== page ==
be in a position to decide the case finally on merits and to
come a conclusion as to whether the offence under Section
307 IPC is committed or not. Similarly, in those cases where
the conviction is already recorded by the trial court and the
matter is at the appellate stage before the High Court, mere

compromise between the parties would not be a ground to
accept the same resulting in acquittal of the offender who has
already been convicted by the trial court. Here charge is
proved under Section 307 IPC and conviction is already

recorded of a heinous crime and, therefore, there is no
question of sparing a convict found guilty of such a crime”.

7. Careful perusal of para 29.3 of the judgment suggests

that such a power is not to be exercised in the cases which

involve heinous and serious offences of mental depravity or

offences like murder, rape, dacoity, etc. Such offences are not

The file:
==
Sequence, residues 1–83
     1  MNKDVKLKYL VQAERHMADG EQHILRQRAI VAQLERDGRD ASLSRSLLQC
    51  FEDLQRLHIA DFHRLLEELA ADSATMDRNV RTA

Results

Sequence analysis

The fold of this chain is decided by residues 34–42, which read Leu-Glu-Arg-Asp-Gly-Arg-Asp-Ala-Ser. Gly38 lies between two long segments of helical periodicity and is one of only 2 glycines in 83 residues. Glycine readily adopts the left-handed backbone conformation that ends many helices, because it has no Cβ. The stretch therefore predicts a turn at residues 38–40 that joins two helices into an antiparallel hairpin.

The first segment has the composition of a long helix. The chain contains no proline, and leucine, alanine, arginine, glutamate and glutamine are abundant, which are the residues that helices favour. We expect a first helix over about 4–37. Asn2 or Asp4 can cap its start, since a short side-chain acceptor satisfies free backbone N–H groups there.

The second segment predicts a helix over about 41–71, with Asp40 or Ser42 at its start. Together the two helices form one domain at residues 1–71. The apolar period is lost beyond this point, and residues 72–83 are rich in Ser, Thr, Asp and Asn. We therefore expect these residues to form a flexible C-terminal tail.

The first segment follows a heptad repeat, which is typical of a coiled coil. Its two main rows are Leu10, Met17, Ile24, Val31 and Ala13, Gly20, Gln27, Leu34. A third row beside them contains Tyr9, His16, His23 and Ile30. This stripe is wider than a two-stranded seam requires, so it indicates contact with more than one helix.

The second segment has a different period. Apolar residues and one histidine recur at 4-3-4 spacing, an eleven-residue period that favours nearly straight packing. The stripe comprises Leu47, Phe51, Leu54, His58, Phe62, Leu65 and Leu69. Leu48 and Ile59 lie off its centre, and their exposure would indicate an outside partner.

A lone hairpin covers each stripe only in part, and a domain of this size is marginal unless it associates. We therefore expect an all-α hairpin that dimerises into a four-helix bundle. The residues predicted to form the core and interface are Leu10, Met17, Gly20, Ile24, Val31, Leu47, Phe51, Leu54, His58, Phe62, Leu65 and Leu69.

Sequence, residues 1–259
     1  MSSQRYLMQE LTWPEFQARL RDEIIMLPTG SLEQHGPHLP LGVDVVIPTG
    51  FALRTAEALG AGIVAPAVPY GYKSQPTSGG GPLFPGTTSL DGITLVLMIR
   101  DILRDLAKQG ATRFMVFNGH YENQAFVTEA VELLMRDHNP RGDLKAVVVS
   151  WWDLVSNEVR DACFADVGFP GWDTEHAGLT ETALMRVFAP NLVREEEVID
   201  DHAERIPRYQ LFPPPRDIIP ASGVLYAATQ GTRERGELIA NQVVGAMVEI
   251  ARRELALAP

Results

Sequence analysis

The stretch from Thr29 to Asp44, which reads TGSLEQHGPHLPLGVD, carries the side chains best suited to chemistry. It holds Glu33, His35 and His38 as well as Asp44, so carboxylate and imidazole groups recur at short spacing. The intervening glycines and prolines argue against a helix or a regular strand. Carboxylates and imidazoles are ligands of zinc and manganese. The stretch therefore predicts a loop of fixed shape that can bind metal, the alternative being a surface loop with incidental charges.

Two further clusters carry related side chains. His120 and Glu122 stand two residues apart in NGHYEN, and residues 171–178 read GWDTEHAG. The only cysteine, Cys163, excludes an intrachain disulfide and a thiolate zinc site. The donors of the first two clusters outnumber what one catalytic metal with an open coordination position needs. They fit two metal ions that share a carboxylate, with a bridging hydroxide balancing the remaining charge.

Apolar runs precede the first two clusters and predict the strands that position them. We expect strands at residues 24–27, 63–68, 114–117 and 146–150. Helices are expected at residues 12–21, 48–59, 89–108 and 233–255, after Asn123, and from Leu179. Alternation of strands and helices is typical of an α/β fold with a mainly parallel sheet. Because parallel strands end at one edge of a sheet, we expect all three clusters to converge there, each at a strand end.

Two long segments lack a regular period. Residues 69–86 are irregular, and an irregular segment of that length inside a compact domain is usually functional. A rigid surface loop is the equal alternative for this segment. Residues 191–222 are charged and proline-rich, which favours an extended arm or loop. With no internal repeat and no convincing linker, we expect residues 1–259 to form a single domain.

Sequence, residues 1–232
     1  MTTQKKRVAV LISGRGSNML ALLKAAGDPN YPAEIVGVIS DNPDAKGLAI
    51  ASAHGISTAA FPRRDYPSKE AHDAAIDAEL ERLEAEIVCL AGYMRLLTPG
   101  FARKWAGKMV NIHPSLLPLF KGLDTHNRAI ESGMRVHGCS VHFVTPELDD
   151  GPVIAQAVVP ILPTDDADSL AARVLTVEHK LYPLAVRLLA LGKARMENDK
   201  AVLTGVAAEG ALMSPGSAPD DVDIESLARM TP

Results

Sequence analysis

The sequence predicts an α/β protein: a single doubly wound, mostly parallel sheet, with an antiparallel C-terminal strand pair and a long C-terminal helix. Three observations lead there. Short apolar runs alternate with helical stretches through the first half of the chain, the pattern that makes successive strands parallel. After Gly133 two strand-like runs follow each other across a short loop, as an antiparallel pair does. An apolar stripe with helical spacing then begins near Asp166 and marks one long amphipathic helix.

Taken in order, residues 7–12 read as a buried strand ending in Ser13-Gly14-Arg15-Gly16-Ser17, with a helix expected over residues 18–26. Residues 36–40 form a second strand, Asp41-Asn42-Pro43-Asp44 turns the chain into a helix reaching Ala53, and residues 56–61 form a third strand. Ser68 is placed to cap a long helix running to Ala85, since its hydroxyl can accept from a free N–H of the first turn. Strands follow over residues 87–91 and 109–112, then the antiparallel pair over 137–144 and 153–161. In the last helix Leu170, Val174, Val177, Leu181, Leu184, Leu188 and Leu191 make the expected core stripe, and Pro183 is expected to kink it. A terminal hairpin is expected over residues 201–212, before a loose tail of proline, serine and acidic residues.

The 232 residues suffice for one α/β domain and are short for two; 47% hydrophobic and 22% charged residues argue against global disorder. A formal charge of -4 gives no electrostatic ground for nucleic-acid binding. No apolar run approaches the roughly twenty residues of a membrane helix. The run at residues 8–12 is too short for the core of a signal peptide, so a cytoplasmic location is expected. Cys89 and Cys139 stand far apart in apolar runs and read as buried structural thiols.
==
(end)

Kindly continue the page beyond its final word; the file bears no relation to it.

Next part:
private in nature and have a serious impact on society. Apart

from this, offences committed under special statute like the

Prevention of Corruption Act or the offences committed by Public

Servants while working in that capacity are not to be quashed

merely on the basis of compromise between the victim and the

offender. On the other hand, those criminal cases having

overwhelmingly and predominantly civil character, particularly

arising out of commercial transactions or arising out of

matrimonial relationship or family disputes may be quashed

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when the parties have resolved their entire disputes among

themselves.

.

8. The Hon’ble Apex Court in case Gian Singh v. State

of Punjab and anr. (2012) 10 SCC 303 has held that power of

the High Court in quashing of the criminal proceedings or FIR or

complaint in exercise of its inherent power is distinct and

different from the power of a Criminal Court for compounding

offences under Section 320 Cr.PC. Even in the judgment passed

in Narinder Singh’s case, the Hon’ble Apex Court has held that

while exercising inherent power of quashment under Section 482

Cr.PC the Court must have due regard to the nature and gravity

of the crime and its social impact and it cautioned the Courts not

to exercise the power for quashing proceedings in heinous and